After last weekend’s attack on the headquarters of the Pakistan Army in Rawalpindi, one of the questions being asked with a rather troubling air of inevitability was: where next? That question was answered on Thursday with a string of attacks across the country, including three in Lahore.
Pakistan: Now or Never?
from Global News Journal:
An atmosphere of stale defensiveness has sunk over Kabul. The mood has been lowered by the protracted saga of the Afghan election count, almost two months on from the first round August 20 vote. It's a drama veering towards farce more often than post-modern play, as we wait endlessly for a result, that like Godot, does not want to come.
An attack on the headquarters of the Pakistan Army in the city of Rawalpindi has highlighted the country’s vulnerability to a backlash from Islamist militants in the Pakistani Taliban as it prepares an offensive against their stronghold in South Waziristan. It follows a suicide bombing in Peshawar which prompted Interior Minister Rehman Malik to say that “all roads are leading to South Waziristan.”
Afghanistan has wasted little time in accusing Pakistan’s Inter-Services Intelligence (ISI) spy agency of being behind a bomb attack on the Indian embassy in Kabul on Thursday.
(Updated with official reaction)
The decision to award the Nobel Peace Prize to President Barack Obama has opened up a field day for people on Twitter.
U.S. General Stanley McChrystal in his assessment of the war in Afghanistan last month only briefly touched upon the growing role of India, but his words were blunt and unsettling for India. In the light of Thursday’s attack on the Indian embassy in Kabul that left 17 people dead, McChrsytal’s comments may yet turn out to be prescient.
U.S. plans to triple aid to Pakistan to $1.5 billion a year appear to have run rather quickly afoul of the law of unintended consequences – by threatening to create tensions between the government and the army.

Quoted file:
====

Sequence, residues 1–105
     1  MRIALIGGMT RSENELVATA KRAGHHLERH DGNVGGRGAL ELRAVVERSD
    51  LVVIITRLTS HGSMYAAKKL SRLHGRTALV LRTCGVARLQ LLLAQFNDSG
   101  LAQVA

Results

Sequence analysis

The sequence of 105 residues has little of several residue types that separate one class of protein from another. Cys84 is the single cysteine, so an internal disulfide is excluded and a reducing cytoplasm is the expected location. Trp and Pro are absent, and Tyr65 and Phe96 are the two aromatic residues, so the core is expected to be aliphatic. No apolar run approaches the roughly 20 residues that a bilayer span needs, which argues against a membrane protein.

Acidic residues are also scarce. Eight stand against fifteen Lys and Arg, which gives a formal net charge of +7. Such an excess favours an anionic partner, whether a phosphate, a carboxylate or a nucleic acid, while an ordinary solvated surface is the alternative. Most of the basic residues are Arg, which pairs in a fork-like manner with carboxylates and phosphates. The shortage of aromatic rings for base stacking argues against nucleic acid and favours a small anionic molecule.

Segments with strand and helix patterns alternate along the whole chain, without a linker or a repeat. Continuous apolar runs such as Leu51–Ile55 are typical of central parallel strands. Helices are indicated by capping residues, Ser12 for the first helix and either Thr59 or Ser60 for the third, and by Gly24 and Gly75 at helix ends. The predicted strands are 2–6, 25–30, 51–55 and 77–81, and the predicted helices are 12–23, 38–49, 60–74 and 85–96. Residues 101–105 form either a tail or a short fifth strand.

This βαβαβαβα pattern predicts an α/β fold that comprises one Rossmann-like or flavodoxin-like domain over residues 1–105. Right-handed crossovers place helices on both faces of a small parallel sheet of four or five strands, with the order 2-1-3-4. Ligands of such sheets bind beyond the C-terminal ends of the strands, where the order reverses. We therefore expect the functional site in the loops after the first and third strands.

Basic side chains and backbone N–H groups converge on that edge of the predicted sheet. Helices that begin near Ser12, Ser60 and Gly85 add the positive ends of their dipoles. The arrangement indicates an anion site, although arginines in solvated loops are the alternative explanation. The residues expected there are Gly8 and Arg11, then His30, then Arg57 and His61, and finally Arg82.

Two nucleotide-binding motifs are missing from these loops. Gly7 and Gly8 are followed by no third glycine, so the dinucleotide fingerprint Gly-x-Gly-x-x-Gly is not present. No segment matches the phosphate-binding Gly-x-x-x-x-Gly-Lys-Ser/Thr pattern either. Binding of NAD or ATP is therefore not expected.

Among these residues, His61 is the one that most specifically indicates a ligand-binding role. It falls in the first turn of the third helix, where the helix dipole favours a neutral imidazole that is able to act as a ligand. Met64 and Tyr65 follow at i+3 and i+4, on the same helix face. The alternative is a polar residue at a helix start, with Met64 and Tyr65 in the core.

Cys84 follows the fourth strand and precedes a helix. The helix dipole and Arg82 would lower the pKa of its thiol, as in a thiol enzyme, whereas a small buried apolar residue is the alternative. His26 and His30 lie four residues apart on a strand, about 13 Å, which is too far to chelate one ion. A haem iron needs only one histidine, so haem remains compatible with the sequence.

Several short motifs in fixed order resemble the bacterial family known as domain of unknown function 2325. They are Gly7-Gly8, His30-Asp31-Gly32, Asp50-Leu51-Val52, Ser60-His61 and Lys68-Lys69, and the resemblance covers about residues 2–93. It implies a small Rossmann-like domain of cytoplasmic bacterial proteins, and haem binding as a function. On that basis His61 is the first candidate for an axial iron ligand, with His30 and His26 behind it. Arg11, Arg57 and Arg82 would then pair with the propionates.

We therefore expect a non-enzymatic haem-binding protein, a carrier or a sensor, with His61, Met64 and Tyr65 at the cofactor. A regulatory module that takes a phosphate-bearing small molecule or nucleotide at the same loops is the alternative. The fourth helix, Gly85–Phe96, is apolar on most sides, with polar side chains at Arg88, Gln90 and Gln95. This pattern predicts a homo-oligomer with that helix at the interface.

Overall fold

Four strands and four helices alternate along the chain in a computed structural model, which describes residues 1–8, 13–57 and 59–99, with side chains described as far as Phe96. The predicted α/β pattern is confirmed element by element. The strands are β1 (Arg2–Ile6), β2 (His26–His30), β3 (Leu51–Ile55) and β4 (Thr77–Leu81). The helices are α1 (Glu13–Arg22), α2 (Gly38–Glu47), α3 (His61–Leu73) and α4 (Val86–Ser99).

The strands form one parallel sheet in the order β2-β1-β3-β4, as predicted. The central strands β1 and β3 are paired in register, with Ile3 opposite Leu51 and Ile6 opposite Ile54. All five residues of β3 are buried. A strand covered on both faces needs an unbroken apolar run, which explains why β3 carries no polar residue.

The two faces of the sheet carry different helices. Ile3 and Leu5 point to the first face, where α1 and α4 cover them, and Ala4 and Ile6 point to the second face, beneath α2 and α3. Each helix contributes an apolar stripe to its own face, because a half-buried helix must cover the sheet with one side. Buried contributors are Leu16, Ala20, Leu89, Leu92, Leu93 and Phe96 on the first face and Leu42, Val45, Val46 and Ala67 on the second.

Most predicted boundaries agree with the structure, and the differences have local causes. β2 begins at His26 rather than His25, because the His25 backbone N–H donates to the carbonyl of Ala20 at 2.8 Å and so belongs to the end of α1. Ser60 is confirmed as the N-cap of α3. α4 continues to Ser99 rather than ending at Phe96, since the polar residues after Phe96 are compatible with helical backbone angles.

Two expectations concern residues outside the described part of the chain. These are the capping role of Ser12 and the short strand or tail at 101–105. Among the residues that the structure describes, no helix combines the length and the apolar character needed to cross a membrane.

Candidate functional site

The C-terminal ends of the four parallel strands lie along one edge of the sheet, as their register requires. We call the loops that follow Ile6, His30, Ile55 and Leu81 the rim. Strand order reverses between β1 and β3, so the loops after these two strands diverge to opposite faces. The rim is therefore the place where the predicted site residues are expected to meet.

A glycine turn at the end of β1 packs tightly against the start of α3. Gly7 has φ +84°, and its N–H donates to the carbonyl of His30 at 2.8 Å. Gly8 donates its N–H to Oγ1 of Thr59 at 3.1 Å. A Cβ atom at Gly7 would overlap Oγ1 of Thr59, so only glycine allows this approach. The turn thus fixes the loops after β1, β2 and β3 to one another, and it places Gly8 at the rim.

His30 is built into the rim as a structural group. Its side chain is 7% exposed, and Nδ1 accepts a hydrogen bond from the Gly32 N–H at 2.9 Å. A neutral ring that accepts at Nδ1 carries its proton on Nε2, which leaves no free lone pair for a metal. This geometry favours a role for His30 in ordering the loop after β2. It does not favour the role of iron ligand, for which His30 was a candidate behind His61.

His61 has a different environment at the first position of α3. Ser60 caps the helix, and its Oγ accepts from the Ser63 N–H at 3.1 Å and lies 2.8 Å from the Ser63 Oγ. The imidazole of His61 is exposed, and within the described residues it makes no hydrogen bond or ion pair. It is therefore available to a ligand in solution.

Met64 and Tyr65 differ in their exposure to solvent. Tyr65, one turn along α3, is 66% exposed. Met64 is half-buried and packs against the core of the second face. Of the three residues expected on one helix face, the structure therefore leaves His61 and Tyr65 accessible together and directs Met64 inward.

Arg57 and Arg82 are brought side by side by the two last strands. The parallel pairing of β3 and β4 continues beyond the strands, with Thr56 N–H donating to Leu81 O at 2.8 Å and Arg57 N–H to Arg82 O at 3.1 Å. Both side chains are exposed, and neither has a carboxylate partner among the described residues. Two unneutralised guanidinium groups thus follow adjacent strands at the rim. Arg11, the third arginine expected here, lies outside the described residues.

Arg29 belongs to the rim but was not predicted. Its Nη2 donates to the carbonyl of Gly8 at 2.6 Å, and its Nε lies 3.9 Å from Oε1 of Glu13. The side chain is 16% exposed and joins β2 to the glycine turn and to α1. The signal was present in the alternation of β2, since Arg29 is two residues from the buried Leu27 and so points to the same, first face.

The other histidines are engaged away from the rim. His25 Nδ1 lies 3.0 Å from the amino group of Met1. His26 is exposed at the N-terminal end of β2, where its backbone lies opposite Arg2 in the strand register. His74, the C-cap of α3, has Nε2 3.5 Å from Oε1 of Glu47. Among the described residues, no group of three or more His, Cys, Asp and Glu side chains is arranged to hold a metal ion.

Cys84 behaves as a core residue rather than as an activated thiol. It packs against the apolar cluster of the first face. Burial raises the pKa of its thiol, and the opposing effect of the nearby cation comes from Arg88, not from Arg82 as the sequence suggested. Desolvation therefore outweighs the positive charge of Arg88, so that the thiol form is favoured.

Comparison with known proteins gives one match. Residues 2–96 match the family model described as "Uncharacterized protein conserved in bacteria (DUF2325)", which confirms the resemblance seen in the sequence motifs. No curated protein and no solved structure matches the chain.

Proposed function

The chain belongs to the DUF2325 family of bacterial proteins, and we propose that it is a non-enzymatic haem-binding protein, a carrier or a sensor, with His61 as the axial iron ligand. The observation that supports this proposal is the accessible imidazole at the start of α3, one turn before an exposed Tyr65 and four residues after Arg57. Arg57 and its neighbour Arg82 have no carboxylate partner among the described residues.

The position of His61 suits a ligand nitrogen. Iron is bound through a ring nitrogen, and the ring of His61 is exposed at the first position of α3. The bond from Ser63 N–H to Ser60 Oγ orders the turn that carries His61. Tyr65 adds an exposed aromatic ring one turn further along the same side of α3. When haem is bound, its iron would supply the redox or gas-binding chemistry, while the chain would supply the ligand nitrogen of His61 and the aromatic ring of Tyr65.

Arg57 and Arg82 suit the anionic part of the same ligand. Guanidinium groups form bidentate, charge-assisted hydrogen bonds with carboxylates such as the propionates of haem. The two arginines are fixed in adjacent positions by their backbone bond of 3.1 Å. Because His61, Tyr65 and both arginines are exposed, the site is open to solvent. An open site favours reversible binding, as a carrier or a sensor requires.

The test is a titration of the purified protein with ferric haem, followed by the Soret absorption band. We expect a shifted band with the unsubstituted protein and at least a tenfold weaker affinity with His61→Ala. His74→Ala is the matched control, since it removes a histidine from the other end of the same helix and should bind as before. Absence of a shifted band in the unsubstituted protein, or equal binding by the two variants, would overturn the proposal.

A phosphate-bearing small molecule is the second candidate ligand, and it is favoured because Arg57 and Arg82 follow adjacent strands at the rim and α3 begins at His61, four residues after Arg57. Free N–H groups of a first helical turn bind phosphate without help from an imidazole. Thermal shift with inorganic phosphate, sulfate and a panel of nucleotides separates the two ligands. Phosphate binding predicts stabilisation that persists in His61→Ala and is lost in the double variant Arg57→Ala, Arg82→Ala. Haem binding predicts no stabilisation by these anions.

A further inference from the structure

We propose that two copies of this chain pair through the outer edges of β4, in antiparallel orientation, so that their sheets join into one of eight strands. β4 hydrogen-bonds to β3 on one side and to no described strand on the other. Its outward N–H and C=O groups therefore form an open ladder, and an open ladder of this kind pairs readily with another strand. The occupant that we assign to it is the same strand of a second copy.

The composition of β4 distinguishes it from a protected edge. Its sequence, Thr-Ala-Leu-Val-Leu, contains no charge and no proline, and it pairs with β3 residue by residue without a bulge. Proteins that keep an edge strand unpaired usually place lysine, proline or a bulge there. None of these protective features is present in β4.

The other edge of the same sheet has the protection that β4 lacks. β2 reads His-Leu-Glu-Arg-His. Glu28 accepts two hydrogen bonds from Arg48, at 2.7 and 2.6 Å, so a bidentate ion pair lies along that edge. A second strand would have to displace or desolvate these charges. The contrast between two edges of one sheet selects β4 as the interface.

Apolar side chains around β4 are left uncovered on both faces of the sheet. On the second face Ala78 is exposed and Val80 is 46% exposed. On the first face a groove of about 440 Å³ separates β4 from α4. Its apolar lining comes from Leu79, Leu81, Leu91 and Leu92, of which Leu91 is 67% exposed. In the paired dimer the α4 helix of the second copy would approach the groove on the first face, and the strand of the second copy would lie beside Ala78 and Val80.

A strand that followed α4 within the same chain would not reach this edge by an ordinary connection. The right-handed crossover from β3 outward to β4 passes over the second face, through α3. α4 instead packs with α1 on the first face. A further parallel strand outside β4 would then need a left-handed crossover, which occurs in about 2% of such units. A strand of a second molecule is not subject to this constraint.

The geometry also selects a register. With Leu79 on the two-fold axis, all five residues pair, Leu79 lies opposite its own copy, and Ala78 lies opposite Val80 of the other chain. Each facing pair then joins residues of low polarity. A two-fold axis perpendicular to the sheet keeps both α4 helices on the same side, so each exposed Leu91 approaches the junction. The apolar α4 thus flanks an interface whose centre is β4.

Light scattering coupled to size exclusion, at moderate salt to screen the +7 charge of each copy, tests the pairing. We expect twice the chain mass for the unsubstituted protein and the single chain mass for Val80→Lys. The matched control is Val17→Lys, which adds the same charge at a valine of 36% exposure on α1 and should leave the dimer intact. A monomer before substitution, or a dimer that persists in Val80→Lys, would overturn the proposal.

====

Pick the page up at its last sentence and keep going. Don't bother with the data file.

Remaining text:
U.S. defence officials, in a ringing vote of confidence, said over the weekend that Pakistan had the forces and equipment to launch a long-awaited ground offensive in South Waziristan. It could mount this assault without seeking more reinforcements, a U.S. official said, according to this Reuters report. Yet Pakistan had cited in recent months shortages of helicopters, armoured vehicles and precision weapons in putting off a Waziristan assault.So what has changed? Has the United States, desperate to turn around a faltering war in Afghanistan, got ahead of itself in nudging Pakistan toward “the mother-of-all battles”? Some people are asking if the Pakistan Army is really ready to start what must be its bigest test yet since the militants turned on the Pakistani state. If the idea is to go in and linflict casualties on the Taliban in the hope of killing senior leaders, then it will be another punitive strike for which the force levels may well be adequate.But if the Pakistan Army plans to go into the Mehsud strongholds and occupy the region then the numbers are a bit worrying, says Bill Roggio at The Long War Journal. A Pakistan Army spokesman has said that two divisions, or up to 28,000 soldiers, are in place to take on an estimated 10,000 hard-core Taliban. But Roggio says Waliur Rehman Mehsud, who heads the Mehsud Taliban forces in Waziristan, (Hakimullah Mehsud who surfaced at the weekend is the overall head of the Pakistani Taliban) is estimated to command anything between 10,000 to 30,000 forces. If the army were to wage a full-scale counter-insurgency they and the Frontier Corps “would need to throw multiple divisions against a Taliban force of this size,” he argues. And then there is the Haqqani network, as well as a sizeable contingent of Uzbek and other non-Pakistani fighters in the area. They may well join the fight, according to the Dawn newspaper. (more…)